It’s the weekend and time to dream about beautiful and exciting places. View Iceland as time flows (as do glaciers and lots of water). Take a look at a slide show of beautiful town squares from Peru to Prague. Practice speaking English in Ireland. (Don’t they already speak English there?)
The flow of time on Iceland
The creators of the above video traveled around Iceland for almost two weeks with cameras capturing stunning pictures of the dramatic Icelandic scenery. By mixing slow-motion and timelapse they show how ‘time’ plays a huge role in the way we perceive nature.
The backdrop of Iceland’s landscape and its timeless nature lend a surreal edge to captured reality. Click here to see it on their original site.
The most photo-worthy town squares in the world
Historically, town squares have been used as public meeting spaces for gatherings, sports, worship and executions. Although the uses for these public squares may have changed over the centuries, most cities embrace town squares and have turned them into major tourist destinations comprising outdoor marketplaces, musical acts or races. Although not all squares are as large as Beijing’s Tiananmen Square or as neon as Times Square in New York City, they all typically have intriguing stories about how they came to be. Interested in seeing some of the most photo-worthy town squares in the world?
This list includes: Piazza Navona, Rome; Plaça de Catalunya, Barcelona; Copley Square, Boston; Parque Central, Antigua, Guatemala; Marienplatz, Munich; Plaza Mayor, Lima, Peru; Jamaa el Fna, Marrakesh, Morocco; Old Town Square, Prague; and Grand Place, Brussels. Check them out in this slide show.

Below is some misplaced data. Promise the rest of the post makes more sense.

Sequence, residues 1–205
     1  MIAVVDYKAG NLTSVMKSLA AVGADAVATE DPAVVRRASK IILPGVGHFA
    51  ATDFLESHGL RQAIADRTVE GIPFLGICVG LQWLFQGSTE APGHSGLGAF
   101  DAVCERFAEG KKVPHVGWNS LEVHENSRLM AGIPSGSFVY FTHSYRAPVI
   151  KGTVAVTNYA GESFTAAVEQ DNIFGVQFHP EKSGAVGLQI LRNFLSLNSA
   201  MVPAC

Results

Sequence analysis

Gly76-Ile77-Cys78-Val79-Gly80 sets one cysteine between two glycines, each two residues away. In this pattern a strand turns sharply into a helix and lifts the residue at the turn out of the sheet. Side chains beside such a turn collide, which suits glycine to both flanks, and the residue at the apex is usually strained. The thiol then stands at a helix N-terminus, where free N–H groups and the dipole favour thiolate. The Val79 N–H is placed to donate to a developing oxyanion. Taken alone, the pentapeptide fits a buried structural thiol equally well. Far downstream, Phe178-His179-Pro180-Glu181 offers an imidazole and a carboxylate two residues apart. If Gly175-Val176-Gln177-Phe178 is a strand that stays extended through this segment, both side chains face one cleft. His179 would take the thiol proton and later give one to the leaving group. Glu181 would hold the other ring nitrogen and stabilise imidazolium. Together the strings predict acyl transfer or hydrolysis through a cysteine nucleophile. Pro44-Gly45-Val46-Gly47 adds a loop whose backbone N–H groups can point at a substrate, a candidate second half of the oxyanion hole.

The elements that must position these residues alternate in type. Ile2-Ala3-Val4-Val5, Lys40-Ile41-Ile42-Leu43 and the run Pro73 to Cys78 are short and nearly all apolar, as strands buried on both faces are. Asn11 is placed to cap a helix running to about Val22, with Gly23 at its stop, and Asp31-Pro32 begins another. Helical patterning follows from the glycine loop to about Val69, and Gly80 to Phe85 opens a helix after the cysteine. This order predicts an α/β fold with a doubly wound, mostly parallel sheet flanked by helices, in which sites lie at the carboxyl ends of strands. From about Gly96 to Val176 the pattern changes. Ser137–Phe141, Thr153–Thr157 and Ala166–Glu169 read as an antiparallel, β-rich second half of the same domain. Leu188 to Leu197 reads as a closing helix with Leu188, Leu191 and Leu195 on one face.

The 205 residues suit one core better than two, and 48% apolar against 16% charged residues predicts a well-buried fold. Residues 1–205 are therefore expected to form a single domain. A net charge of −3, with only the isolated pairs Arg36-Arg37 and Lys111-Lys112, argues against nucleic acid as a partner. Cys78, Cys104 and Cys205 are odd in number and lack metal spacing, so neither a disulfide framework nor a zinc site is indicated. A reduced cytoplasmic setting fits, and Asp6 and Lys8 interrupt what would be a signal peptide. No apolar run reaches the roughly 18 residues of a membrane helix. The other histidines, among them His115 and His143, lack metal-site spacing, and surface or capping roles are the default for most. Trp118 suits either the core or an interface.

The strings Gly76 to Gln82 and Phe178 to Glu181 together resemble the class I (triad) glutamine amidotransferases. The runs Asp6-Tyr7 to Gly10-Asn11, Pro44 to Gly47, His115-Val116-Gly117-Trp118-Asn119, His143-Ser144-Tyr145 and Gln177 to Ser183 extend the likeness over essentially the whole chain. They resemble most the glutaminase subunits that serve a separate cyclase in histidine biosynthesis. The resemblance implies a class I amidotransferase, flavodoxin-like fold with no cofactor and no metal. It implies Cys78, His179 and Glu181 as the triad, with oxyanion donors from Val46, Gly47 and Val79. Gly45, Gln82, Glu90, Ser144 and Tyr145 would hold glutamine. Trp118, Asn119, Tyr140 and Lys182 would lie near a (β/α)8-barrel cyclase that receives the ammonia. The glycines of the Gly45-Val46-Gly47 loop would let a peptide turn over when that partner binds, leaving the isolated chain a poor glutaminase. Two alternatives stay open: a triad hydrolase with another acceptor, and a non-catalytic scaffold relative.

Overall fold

Speaking English in Ireland
Some have said that the United States and Great Britain are two countries separated by a common a language. Ditto that for Ireland, where some old Gaelic words seem to be getting thrown into the mix. This post from TourIreland describes a short dictionary that provides translations for words that may have one meaning in the USA and a different meaning in Ireland.
In Ireland we have an unique way of speaking – between our diverse accents, the way we emphasize vowels in a different way to other English speaking countries, our everyday phrases and expressions and just by simply speaking English “our” way – unmistakably Irish, using turns of phrase which may sound strange or even grammatically incorrect (I’m after making a cup of tea!), though often this is the result of how we once spoke Irish – a different animal grammatically and linguistically to English.
And while the Irish welcome thousands of visitors each year to her shores — with even more Irish going abroad between vacations, gap years and just plain old emigration — our use of language largely remains unchanged – confusing our non-Irish friends which in turn baffles us as to why people just don’t understand us when we are making ourselves very clear! Ahem!
Working in an office with lots of nationalities, many of whom had thought that they were fluent in English until they actually got here, we came up with some of the words and phrases which when initially heard were met with confusion, diving for dictionaries and Google searches are — once understood — wholly absorbed and regularly used! Fair whack!
So in no particular order — here we go!
Here are some samples of words that mean one thing in America and another on the Emerald Isle.
- Are you OK?
Click here for the full article.